For whatever reason, most churches will degenerate into some sort of power struggle among church members. You always have insiders who get their way and the rest have to sit back and watch. I am a Baptist and the normal structure of a Baptist church is built around deacons. Deacons, are the most destructive force in Baptist life. In a recent conversation with a pastor friend, he said that he is hearing more often about the problem of deacons harming a church. If you see a Baptist church in decline, and most are, look first at the deacons.
It is a rare thing to find deacons operating as Biblical deacons. You can apply this to almost any denomination you want. I have Presbyterian friends who see the same problems among their elders, though elders and deacons are not the same.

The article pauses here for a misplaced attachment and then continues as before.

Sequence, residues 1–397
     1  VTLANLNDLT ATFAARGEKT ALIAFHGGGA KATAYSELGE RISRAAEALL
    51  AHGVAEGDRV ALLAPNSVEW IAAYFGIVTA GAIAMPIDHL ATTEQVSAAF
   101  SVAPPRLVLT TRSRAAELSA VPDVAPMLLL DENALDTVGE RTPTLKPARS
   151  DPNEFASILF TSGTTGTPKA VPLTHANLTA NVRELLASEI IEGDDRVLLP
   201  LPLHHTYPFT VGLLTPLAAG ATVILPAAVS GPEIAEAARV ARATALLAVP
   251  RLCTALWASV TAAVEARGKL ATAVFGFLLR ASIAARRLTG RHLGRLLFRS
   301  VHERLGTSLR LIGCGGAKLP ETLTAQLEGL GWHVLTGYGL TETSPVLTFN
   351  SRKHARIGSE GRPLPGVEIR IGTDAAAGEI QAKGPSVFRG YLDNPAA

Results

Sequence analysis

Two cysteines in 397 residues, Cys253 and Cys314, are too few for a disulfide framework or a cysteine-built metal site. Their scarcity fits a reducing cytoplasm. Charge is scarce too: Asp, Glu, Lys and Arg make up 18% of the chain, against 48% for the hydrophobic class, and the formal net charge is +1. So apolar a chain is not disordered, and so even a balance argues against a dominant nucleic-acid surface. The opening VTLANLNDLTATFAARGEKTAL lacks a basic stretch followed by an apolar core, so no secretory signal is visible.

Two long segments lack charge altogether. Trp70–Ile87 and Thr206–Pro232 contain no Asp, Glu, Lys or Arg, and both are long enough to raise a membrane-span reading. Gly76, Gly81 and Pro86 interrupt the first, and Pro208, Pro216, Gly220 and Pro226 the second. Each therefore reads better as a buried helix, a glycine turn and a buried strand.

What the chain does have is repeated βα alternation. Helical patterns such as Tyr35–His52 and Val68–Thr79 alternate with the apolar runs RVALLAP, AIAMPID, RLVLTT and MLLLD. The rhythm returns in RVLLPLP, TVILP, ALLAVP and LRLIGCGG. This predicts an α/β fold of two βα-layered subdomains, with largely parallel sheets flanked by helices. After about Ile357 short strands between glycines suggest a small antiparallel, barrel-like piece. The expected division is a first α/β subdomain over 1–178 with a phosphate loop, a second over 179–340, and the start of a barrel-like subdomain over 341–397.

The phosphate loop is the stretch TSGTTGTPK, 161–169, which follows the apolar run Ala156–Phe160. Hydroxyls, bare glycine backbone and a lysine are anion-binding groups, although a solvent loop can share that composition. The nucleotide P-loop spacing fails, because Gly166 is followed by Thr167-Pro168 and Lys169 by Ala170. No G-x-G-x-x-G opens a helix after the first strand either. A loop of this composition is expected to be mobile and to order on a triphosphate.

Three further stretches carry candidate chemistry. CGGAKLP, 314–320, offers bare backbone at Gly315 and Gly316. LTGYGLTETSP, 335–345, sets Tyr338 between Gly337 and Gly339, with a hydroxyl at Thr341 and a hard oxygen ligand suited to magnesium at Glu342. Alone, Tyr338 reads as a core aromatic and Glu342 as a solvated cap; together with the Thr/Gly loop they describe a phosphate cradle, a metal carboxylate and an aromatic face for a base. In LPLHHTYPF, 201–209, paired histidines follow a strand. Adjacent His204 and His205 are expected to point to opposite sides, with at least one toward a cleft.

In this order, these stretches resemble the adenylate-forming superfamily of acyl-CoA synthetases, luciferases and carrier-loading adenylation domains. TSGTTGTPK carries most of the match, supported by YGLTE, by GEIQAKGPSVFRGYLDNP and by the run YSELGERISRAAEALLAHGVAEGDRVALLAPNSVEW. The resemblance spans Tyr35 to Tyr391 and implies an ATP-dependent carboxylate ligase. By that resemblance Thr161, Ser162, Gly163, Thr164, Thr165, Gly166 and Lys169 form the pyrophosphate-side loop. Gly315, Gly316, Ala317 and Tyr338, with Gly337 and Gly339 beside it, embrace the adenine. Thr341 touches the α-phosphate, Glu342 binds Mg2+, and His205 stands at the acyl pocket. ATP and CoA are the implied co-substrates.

Let’s face it, deacons, like pastors, are fallible, sinful human beings. And we all stumble. But many of our problems would be solved if we simply followed the Bible. In the Bible, the deacon is a servant and I think the title Deacon should be revised to Servant if want to keep a biblical perspective. In the Bible, there are only three roles listed for the deacon: taking care of the needy, evangelism, and martyrdom. If the deacons of the church are not fulfilling these roles, they should not be deacons. How many deacons, win the lost and bring people to church? How many do you think are willing to die for the church, or at least use their time for church work? Deacons are not the board of directors of the church. They do not run it, or supervise the pastor and staff. In some denominations, the elders will have this role but even then, their role is limited by larger structures that keep the secular man in check